As (accurately) predicted earlier today in Scottish Energy News, crude oil prices slumped by as much as 7% to around $41.70-barrel in early trading yesterday as markets digested the failure of the Sunday oil summit in Doha to agree a production freeze.
But a strike by workers in Kuwait – which cut its output by more than 50% – steadied markets and crude oil prices ended the day virtually flat.
However, while the Kuwaiti oil workers’ strike will doubtless be resolved in the short-term, the fundamental disagreement between Saudia Arabia to agree to any deal that does not involve Iran will continue to dominate market sentiment over the summer as demand falls as temperatures rise in Europe and North America.
Major oil producers from the Organisation of the Petroleum Exporting Countries and non-OPEC-member Russia failed to reach agreement on a plan to freeze output after Saudia Arabia – the dominant player in OPEC – demanded unsuccessfully that Iran join the plan. After years of sanctions – including a ban on oil exports – over its nuclear strategy, Tehran is desperately in need of petro-dollars and is keen to boost exports to replenish its coffers.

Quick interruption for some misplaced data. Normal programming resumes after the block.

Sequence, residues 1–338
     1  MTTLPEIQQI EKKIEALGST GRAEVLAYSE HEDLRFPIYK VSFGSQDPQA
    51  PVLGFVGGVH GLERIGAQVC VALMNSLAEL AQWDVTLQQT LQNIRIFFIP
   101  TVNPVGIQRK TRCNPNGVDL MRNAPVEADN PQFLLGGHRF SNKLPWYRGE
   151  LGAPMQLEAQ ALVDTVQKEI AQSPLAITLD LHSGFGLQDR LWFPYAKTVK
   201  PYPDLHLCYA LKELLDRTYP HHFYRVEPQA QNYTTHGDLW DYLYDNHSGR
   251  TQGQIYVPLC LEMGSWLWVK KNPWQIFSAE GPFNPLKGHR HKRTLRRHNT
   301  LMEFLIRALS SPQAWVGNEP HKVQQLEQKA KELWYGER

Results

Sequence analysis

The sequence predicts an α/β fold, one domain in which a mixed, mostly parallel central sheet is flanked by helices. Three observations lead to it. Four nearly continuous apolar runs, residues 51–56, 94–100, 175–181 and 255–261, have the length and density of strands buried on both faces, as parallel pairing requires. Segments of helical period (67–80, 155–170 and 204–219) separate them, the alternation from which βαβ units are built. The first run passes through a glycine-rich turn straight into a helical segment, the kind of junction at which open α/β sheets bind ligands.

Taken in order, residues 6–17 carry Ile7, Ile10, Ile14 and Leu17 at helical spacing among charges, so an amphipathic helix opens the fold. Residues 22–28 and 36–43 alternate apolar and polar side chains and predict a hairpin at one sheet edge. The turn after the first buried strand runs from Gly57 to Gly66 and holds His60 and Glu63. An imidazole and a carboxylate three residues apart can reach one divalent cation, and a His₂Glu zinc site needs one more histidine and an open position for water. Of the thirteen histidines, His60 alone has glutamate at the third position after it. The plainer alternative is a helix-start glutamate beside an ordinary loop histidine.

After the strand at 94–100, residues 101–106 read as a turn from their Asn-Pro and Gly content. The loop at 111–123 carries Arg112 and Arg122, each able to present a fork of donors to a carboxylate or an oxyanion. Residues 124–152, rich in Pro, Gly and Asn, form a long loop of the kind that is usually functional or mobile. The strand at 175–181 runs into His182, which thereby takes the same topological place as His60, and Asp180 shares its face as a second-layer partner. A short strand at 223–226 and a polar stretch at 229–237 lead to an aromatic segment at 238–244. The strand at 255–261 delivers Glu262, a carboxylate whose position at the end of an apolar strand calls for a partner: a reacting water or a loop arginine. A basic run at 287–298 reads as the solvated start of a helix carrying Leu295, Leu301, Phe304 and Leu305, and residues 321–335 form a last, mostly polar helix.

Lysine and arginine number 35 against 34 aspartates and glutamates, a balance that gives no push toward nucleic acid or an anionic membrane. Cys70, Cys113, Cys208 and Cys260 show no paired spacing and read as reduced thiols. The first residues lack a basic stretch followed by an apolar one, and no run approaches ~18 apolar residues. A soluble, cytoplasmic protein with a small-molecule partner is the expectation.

Global crude oil prices first started plummeting from the Summer 2014 highs of more than $110-barrel after Saudi Arabia increased production volumes in a price war to drive higher-cost producers – such as US shale firms – out of the market.
However, the US shale producers – aided by recent developments in oil drilling technology – proved more resilient than Riyadh realised and kept on pumping even as prices plummeted, further screwing prices downwards.
While economic fall-out from the ‘Doha deal’ is expected to depress prices towards $40-barrel again, the market may not tumble as much as it did earlier this year, when Brent hit 12-year lows of around $27 in late January, some analysts said.
“Gradually declining non-OPEC production as well as planned maintenance in the face of resilient oil demand in Q1 have recently pointed to improving oil fundamentals,” said analysts at Goldman Sachs in a note, referring to the first quarter.